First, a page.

During a forced expiratory maneuver in a subject with expiratory airflow limitation, the expired volume at the mouth (measured by a pneumotachograph) may differ considerably from the change in lung volume measured with a body plethysmograph. This difference in volume is primarily due to thoracic gas compression (TGC). TGC occurs at high and mid-lung volume (3, 11, 12) and is primarily affected by airway resistance, effort, and absolute lung volume (5, 13). TGC is high in subjects with large lung volume, strong expiratory muscles, and expiratory airflow limitation (14).
Bronchodilators improve expiratory airflow limitation by reducing lung resistance. This change in resistance can alter the amount of gas compression and thus results in altered flow–volume–pressure relationship and maximal expiratory airflow. Therefore, the reduction in TGC after inhalation of a bronchodilator may reduce the negative effect of TGC on forced expiratory airflow. Although both diminished lung resistance and TGC with a bronchodilator improve maximal expiratory airflow, only the diminished lung resistance affects expiratory airflow during tidal breathing. Thus, the presence of TGC may confound the effect of a bronchodilator on maximal expiratory airflow.
In this study, we investigated the mechanisms of improved maximal expiratory airflow subsequent to inhalation of albuterol to explore any confounding effects of TGC. We hypothesized that the improvement in FEV1 postalbuterol is due to the combined effect of reduced airway resistance and reduced gas compression.
We measured lung mechanics at baseline and 20 minutes after inhalation of albuterol (180 μg from a metered dose inhaler) in healthy subjects, subjects with asthma, and subjects with chronic obstructive pulmonary disease (COPD). The diagnoses of asthma and COPD were based on the American Thoracic Society criteria (15). All subjects had to be in stable clinical condition with no change in respiratory medications within the last 4 weeks of testing. Subjects with asthma and COPD were asked to withhold their short- and long-acting bronchodilators for 8 and 24 hours before the test, respectively. The study was approved by the local institutional review board, and each subject signed a written, informed consent form prior to participation in the study.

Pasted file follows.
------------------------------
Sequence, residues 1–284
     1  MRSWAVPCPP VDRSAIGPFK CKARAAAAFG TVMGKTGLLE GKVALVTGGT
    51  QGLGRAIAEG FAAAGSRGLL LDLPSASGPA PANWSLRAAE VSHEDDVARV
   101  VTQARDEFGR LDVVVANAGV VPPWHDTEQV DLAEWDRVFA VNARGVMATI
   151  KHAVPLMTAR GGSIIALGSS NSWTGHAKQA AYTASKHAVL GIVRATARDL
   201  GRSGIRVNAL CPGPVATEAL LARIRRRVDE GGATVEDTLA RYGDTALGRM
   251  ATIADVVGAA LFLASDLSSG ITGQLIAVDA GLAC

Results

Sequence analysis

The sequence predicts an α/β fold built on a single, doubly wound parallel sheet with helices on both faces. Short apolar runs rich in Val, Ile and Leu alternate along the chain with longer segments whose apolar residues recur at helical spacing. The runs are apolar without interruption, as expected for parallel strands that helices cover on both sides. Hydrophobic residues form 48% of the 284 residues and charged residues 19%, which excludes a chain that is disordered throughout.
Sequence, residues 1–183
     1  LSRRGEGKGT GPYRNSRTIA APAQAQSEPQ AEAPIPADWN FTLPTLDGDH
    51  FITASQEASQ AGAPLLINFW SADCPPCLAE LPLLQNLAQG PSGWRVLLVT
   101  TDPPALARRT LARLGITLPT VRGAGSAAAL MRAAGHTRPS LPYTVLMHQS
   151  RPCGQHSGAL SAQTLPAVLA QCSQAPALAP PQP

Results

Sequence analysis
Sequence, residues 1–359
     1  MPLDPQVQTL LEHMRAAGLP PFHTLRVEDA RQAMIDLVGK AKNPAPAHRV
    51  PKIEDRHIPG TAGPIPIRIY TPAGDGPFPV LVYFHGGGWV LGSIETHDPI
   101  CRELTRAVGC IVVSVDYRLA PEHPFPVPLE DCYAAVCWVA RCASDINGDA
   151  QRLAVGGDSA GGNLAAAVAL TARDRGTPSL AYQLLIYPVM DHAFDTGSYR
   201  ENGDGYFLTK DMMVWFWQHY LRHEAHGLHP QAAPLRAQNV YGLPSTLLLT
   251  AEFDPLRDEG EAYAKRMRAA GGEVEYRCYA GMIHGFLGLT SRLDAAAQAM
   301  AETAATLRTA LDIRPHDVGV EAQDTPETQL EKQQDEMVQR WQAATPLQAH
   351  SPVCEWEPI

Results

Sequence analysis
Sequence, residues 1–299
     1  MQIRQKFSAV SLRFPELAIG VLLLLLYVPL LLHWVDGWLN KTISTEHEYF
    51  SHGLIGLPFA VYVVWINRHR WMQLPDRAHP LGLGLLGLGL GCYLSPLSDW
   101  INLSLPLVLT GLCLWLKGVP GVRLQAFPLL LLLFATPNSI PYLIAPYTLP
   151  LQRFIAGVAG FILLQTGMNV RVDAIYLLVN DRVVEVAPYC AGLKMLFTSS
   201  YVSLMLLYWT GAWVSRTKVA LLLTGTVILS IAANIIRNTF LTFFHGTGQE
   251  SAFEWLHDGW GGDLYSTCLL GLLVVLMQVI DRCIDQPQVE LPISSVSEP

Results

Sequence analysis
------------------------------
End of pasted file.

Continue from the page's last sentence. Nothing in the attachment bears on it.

Lung mechanics were measured with the subject seated in a custom-made volume-displacement plethysmograph (16). During each session, we obtained at least three reproducible forced expiratory maneuvers. Quality control measures, as outlined by the American Thoracic Society, were used to select appropriate maneuvers (17). Inspiratory and expiratory lung resistances were measured during quiet breathing using the model reported before (18). Total lung capacity (TLC) and residual volume (RV) were also measured at baseline and 20 minutes after bronchodilator administration. We recorded esophageal pressure as an indicator of effort. Details of the measurements are provided in the online supplement.